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Making Sense

For an Effective Aesthetics- Includes an original essay by Jean-Luc Nancy


Edited By Lorna Collins and Elizabeth Rush

This volume of texts and images has evolved from papers given at the inaugural Making Sense colloquium, which was held at the University of Cambridge in September 2009. The chapters collected here reflect the multi-dimensional and interdisciplinary sense made at this event, which became something of an artistic installation in itself. The essay ‘Making Sense’ by Jean-Luc Nancy provided the grand finale for the colloquium and is also the culmination of the volume. The collection also includes articles that expound and critique Nancean theory, as well as those that provide challenging manifestos or question the divide between artist and artisan. The volume contrasts works that use texts to make sense of the world with performance pieces that question the sense of theory and seek to make sense through craft, plastic art or painting. By juxtaposing works of pure theory with pieces that incorporate poetry, prose and performance, the book presents the reader with a distillation of the creative act.


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Notes on Contributors 221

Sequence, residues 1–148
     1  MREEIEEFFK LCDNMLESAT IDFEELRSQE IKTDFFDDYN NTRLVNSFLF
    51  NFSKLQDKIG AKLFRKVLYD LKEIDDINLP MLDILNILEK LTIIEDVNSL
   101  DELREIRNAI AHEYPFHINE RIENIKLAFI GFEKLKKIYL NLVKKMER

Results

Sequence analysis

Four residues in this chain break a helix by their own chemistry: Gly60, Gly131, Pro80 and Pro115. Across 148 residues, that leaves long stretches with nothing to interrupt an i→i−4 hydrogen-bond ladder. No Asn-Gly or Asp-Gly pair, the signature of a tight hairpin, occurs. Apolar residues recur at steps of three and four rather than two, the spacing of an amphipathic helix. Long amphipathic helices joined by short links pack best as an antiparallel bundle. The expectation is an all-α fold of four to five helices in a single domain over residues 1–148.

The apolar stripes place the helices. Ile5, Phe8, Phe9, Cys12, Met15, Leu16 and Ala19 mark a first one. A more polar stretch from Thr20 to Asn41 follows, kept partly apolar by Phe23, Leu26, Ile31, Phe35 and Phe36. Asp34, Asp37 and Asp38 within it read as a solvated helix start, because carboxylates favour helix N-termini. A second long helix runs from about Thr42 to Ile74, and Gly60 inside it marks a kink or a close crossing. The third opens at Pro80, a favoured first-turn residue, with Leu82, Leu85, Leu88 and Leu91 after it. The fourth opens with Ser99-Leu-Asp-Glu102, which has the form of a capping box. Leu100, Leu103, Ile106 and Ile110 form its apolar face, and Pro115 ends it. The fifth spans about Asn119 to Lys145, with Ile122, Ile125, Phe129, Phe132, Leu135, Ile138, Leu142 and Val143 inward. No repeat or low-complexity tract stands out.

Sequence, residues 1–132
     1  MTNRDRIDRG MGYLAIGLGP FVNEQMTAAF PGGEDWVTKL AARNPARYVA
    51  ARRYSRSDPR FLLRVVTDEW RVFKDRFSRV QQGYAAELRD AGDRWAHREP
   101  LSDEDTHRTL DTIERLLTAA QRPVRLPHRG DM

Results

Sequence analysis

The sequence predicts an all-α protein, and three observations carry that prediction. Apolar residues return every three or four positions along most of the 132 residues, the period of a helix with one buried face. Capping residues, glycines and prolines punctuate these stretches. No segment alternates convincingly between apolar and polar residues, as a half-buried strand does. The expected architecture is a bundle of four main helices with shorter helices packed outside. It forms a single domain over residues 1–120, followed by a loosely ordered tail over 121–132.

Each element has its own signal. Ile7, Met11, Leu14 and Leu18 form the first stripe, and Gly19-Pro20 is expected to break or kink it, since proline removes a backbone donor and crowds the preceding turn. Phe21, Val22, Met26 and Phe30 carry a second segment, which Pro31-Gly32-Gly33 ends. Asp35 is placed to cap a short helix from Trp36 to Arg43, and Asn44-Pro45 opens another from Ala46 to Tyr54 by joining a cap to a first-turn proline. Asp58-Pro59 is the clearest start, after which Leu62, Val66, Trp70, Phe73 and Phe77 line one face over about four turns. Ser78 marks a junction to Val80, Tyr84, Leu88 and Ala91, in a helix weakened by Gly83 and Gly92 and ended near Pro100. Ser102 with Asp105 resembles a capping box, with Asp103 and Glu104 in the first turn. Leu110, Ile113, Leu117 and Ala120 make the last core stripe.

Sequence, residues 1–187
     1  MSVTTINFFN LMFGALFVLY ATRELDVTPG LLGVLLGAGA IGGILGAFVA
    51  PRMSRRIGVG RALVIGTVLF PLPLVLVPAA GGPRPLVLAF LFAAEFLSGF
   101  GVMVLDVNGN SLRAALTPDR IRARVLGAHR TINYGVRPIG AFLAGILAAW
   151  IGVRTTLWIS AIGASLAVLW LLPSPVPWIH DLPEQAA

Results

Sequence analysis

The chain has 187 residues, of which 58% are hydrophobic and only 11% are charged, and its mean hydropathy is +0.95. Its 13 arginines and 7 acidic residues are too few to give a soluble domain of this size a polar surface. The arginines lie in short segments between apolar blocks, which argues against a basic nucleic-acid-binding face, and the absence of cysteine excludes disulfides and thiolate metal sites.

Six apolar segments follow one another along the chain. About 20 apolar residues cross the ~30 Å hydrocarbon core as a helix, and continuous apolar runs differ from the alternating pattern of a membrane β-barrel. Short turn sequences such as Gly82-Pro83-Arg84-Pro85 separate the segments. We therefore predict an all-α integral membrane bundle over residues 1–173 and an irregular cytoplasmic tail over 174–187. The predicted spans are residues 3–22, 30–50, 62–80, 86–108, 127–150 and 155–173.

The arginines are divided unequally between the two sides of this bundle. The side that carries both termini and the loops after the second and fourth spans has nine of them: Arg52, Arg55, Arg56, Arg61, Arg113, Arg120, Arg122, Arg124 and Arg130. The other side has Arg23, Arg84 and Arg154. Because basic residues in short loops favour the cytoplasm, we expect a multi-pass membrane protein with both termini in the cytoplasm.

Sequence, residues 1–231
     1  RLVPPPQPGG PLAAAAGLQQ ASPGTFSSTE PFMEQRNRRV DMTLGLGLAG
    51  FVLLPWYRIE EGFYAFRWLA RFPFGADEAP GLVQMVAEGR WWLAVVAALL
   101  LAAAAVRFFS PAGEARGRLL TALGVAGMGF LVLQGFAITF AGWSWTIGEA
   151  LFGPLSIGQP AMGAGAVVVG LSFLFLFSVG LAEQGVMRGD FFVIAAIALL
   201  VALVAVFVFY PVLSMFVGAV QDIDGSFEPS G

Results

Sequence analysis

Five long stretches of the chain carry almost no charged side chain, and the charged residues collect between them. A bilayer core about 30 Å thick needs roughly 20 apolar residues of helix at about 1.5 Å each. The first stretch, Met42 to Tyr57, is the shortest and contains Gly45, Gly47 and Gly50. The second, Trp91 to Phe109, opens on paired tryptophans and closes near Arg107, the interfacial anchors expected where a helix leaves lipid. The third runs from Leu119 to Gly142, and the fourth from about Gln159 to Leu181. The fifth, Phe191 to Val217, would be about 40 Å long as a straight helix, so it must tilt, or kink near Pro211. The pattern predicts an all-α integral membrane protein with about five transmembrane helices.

Notes on Contributors Hugues Azérad specializes in comparative literature (in particular Proust, Reverdy, Joyce and Faulkner) and French poetry. He currently works on the notions of the modernist image, aesthetic experience/knowledge and utopia in literature, poetry and film. He teaches French literature and language in the French department and at Magdalene College, Cambridge. He is the co- editor (with Peter Collier) of Twentieth-Century French Poetry: A Critical Anthology (Cambridge University Press, 2010) and the author of L’Univers constellé de Proust, Joyce et Faulkner: le concept d’épiphanie dans l’esthétique du modernisme (Peter Lang, 2002). He has also written articles on nineteenth- and twentieth-century literature that have appeared in Modern Language Review, New Comparison, The Journal of Romance Studies, Alizés and La Revue française. Lorna Collins is an art theorist and arts journalist, guided by her strong interest in arts practice. She is currently completing a PhD at the University of Cambridge, where she is a Foundation Scholar at Jesus College. Her philo- sophical work develops the concept of Making Sense through the aesthetic theories of Deleuze and Guattari, Jean-Luc Nancy, Jacques Rancière and Bernard Stiegler. The point of her research is to build an understanding of how engaging with art, through French theory, helps us to make sense of the world, which then moves a theoretical interpretation towards an actual praxis, with various Making Sense events being held around the world. Florian Forestier’s doctoral thesis concerns the speculative foundations of contemporary phenomenology and its relation...

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